After helping lead a dramatic financial turnaround at Seattle-based Providence Health System over the past seven years, John Koster, a physician with broad experience in management, was named last week as president and CEO of the far-flung network of 19 hospitals.
Koster, a 53-year-old internist, assumed overall control after serving for the past six months in an interim capacity in those two key roles at Providence, which has 34,000 employees and stretches over four states: Alaska, California, Oregon and Washington.
"I've enjoyed a close working relationship with the board over the last several years as chief operating officer," Koster says. "We've been fortunate to have done quite well financially over the last several years. We've developed a strong management team that I've had a large part of bringing together, so I think (the board members) felt they wanted to keep this team together."
Koster arrived at Providence in April 1997 as chief medical officer for two years, then moved up to chief executive for the Washington region before his appointment as the system's COO in 2001. He replaces Hank Walker, who spent about seven years as president and CEO before leaving on a sabbatical in October 2003 that led to his retirement.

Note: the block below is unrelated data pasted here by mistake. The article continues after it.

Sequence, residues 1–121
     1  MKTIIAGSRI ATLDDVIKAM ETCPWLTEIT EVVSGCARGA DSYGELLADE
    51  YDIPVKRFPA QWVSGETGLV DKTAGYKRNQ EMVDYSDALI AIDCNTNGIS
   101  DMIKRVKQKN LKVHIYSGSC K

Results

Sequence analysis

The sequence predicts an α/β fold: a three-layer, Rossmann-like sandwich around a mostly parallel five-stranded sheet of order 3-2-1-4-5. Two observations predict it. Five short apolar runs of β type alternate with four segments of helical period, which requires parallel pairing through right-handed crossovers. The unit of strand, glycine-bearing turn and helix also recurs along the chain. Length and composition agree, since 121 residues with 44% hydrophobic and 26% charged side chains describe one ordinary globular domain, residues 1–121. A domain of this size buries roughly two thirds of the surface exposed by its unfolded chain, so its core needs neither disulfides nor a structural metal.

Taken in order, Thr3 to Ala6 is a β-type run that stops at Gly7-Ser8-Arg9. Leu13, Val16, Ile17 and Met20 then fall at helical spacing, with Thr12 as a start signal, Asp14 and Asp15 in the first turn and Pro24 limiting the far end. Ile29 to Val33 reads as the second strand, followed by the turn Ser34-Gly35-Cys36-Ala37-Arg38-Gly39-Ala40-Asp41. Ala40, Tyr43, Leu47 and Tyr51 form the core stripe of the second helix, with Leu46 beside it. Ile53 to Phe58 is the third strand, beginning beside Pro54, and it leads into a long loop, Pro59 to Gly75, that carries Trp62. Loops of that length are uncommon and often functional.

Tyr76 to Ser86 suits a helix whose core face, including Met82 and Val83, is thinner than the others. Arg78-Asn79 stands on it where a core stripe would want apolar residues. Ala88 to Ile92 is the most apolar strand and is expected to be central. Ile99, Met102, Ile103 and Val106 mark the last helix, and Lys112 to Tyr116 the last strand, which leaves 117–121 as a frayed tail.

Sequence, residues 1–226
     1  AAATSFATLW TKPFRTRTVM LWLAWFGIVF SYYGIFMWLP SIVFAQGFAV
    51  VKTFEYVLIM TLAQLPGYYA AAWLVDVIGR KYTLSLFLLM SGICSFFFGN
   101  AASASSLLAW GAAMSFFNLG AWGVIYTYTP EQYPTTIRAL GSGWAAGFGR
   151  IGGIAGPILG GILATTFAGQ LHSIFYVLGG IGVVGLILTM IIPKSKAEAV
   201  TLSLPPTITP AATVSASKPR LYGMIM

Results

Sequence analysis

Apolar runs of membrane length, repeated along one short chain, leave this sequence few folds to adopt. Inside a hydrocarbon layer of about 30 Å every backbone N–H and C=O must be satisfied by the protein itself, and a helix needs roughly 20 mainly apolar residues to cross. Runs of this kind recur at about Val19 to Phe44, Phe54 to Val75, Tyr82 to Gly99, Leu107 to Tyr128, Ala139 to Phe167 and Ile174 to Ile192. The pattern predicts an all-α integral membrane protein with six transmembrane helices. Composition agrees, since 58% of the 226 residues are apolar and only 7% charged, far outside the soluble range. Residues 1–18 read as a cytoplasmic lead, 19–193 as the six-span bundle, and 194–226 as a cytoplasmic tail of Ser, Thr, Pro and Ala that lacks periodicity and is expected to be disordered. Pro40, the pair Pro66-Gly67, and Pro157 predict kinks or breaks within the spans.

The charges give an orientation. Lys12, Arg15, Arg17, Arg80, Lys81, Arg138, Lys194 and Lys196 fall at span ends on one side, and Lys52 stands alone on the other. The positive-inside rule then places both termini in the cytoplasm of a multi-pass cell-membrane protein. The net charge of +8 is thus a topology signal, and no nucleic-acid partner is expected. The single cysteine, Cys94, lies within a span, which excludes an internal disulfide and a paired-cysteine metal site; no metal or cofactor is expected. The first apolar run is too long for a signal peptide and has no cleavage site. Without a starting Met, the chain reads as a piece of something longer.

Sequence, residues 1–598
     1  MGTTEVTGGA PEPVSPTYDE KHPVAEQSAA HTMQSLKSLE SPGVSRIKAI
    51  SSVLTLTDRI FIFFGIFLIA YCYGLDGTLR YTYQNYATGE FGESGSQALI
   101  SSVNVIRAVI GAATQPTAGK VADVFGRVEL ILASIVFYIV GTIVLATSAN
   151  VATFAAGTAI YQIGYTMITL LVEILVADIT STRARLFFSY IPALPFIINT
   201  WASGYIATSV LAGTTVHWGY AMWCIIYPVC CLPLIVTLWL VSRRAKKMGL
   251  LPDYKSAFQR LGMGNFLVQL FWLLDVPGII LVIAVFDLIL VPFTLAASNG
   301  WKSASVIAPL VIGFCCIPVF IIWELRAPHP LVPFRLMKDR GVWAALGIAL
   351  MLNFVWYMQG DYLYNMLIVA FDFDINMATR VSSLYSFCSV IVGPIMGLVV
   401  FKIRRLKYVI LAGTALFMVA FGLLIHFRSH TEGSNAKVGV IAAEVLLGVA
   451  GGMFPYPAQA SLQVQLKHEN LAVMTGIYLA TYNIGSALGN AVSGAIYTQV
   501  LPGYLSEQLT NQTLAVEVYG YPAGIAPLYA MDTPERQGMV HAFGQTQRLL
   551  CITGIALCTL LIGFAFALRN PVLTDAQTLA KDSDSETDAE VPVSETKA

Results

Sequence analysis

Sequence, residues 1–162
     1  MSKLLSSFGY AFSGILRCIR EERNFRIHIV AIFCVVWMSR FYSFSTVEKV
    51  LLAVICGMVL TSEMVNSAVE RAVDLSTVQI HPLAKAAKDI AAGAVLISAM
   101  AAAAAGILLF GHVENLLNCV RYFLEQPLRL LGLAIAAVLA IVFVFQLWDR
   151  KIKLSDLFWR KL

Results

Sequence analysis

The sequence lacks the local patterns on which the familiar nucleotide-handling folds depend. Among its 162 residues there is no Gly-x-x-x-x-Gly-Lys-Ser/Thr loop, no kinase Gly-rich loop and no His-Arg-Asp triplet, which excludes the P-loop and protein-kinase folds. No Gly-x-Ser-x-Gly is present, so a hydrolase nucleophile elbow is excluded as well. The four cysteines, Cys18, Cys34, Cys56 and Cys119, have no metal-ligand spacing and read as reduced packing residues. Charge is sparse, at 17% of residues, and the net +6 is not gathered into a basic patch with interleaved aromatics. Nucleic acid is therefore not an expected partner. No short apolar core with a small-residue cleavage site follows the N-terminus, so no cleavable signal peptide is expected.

"We are pleased to have John continue to further the mission, vision and direction of Providence in these very challenging times for healthcare," says Sister Barbara Schamber, the presiding member of the system's sponsoring organization, Sisters of Providence. "John well understands and is committed to the organization's mission and core values, seeing that all that is undertaken is done in order to serve the people entrusted to our care."
Koster's connection with the system stretches back to the mid-1970s, when he completed his internship at Providence Portland Medical Center. He says his link to the clinical aspects of the job has helped him succeed in management. "I understand how physicians think, and how they interact with each other. I probably can bring a little better understanding of the physician culture."
He was also a key part of the management team that helped turn a net loss of about $28 million in 1997 into a net profit of $177 million in 2003. Over that period, Providence added two acute-care hospitals, divested three others, sold a health plan and closed a medical group to help pull itself out of a sea of red ink.
In addition to the acute-care hospitals, Koster will oversee an integrated system that includes 19 free-standing long-term-care facilities and a network of physician organizations and sponsored health plans that cover more than 606,000 members in Oregon and southwest Washington.